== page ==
Live Review

James McMurtry: Unplugged and Godless at Taos Music on the Mesa Festival 2017

James McMurty on June 4, 2017

James McMurtry at Taos NM Music on the Mesa Festival 2017 photo by Bill Nevins

James McMurtry began his Taos set singing, “Don’t be yelling at me when I’m cleaning my gun,” playing solo on acoustic 6- and 12-string guitars. He got our attention and instantly took command of the outdoor Amphitheater Stage at Taos Music on the Mesa Festival Sunday afternoon as his audience sang and danced along to a fiery 90-minute set plus encores. McMurtry peppered his performance with deft guitar runs and wry asides about the music biz and varying belief (or disbelief) systems and about how his 81-year-old dad, author Larry McMurtry (Lonesome Dove) achieved formal excommunication from the Methodist church and raised James as an atheist. “And I have found no reason to rebel against that teaching,” quipped James. 

As he moved through sharply-etched story-songs filled with memorable hooks, descriptive details and ironic observations, McMurtry and his audience warmed up to each other under the high desert Taos sun, and many in the crowd could be seen mouthing all the lyrics as they shuffled and jounced along with McMurtry's rhythms. 

Then he came to his rowdy hit, “Choctaw Bingo”, about a gun-toting, sister-twisting family reunion in Oklahoma at the home of one tough old uncle who runs a meth business but had to leave Texas and “won’t say why”. The audience naturally burst into whoops of joy and started to full-tilt boogie as James dramatically introduced the nastier “good parts” of this most infectious tongue-in-cheek party song. A genuine smile seemed to creep up on James and he surely did seem, with his audience to be “having us a time.”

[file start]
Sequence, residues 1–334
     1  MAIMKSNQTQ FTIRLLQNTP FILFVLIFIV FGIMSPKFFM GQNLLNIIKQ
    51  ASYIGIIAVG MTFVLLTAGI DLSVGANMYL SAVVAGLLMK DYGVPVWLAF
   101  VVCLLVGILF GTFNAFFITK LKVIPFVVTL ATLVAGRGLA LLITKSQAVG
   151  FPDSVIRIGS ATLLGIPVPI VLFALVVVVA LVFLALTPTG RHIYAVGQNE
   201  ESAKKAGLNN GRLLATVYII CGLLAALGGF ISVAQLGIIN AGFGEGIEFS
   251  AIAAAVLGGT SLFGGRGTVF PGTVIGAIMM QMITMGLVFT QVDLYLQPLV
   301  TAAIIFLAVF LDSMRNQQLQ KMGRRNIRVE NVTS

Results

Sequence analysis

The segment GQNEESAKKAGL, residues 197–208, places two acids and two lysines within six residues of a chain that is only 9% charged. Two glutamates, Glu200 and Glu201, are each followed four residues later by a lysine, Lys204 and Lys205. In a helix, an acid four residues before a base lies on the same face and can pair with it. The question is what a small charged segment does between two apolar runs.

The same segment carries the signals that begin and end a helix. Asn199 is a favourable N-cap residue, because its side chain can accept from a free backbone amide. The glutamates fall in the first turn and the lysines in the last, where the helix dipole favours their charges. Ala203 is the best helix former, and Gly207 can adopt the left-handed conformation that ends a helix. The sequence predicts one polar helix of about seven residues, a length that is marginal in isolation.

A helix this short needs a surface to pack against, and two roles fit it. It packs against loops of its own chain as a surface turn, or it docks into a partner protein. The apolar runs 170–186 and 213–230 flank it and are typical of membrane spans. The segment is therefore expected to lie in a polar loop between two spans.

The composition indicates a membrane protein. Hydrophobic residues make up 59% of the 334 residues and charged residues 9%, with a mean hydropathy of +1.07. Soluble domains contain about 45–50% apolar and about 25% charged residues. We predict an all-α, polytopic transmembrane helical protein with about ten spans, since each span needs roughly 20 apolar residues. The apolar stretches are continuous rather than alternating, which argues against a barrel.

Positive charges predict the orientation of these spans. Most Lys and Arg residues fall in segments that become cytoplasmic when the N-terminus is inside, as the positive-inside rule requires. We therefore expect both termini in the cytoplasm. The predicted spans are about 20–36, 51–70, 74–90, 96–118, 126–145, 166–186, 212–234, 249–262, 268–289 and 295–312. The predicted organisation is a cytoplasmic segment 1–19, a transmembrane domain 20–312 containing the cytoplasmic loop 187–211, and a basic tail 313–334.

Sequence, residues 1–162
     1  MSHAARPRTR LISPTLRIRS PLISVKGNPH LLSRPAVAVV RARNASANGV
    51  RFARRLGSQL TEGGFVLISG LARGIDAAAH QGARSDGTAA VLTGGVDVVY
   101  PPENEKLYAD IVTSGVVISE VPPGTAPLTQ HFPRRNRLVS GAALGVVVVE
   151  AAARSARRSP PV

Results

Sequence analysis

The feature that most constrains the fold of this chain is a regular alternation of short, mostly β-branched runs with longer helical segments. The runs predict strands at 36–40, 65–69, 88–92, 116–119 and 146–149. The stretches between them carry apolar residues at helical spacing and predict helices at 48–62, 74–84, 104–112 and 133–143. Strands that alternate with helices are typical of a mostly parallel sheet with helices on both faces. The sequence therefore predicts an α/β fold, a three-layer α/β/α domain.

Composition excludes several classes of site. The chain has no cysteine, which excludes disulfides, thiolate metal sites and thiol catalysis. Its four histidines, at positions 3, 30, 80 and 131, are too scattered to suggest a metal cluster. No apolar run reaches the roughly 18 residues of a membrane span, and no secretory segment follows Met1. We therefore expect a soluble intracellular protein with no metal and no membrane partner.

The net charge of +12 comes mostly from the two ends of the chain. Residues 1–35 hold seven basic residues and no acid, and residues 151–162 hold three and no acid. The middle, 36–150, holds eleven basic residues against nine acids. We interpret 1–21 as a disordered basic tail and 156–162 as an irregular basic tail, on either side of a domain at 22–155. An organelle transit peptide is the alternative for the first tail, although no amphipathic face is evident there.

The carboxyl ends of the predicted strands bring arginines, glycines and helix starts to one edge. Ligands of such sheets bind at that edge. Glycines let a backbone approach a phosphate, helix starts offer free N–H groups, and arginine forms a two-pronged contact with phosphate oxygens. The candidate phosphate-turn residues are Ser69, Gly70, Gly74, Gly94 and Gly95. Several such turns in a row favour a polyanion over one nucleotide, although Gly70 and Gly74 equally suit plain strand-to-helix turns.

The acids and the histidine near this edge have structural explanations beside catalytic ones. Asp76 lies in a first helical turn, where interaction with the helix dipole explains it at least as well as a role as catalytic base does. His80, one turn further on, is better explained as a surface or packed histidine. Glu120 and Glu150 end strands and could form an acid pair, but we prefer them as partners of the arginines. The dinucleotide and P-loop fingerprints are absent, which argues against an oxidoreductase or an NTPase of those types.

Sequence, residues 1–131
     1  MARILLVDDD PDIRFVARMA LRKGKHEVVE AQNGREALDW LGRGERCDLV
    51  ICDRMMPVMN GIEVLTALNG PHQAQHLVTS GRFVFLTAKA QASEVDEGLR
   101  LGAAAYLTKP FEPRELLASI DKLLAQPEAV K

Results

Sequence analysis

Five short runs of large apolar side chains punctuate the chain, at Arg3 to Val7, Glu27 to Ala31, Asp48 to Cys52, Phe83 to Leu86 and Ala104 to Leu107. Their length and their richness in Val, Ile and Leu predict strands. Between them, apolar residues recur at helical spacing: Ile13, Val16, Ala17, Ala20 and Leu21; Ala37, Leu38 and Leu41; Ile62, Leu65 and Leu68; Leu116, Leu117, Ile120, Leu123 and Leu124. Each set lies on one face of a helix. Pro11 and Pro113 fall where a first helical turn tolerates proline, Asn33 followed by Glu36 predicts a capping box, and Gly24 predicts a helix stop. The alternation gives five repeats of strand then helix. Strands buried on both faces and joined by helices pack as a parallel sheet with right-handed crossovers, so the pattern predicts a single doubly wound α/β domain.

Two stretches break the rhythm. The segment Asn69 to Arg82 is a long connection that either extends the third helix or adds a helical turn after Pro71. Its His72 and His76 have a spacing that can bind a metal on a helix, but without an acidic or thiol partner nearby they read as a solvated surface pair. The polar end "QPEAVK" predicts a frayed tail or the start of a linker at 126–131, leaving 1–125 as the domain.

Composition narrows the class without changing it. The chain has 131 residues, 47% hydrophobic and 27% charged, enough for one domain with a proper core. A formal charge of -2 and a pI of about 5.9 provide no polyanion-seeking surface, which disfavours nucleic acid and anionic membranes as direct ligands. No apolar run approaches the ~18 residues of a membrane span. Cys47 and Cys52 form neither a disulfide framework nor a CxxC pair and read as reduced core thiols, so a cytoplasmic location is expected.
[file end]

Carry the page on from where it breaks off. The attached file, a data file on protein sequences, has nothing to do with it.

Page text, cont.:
While he did not perform any of his several overtly political songs, like “We Can’t Make It Here Anymore,” McMurtry did serve up several socially-astute observations of Americans surviving hard times and his swaying waltz-song about life on “Long Island Sound” seemed to take on an anthemic quality as many in the crowd sang and swayed along.

While McMurtry’s searing set may have been the high point of Sunday, and perhaps of the entire wonderful 3-day 2017 Music on the Mesa Festival for many of us grizzled veterans of recent history and of “rock and roll as we all knew it” (in McMurtry’s words), the final day of MOM 2017 had many other highlights, and truly the festival fun did not end until long, long after the high desert sun had magnificently set. Sunday opened with stunning Chris Arellano’s bluesy-Norteno set and closed with the funky-bluegrass psychedelia dancing party of Liver Down the River, surely one of the most gleeful endings any festival has ever had! In between, besides James McMurphy’s set, were show- stopping performances by Western Centuries, Alice Wallace, Wayne the Train Hancock, The Harmaleighs, The Mardi-Gras flavored California Honeydrops and extraordinary memory-searing jazzy bluegrass jams by both Railroad Earth and the Cheese Dusters (featuring members of String Cheese Incident and Infamous Stringdusters plus John Cowan of New Grass Revival).

All involved in producing, hosting, organizing and facilitating the Third Annual Music on the Mesa Festival—including but not limited to Matt Madison, Stephen Pyler, Grady Jaramillo, Susan Dilger, Dan Irion, Clint Huling, Pete Botting and Liza Barrett—deserve to take a most well deserved bow! And we look forward with relish to MOM 2018! 

Wish I had been there. Thanks for the review.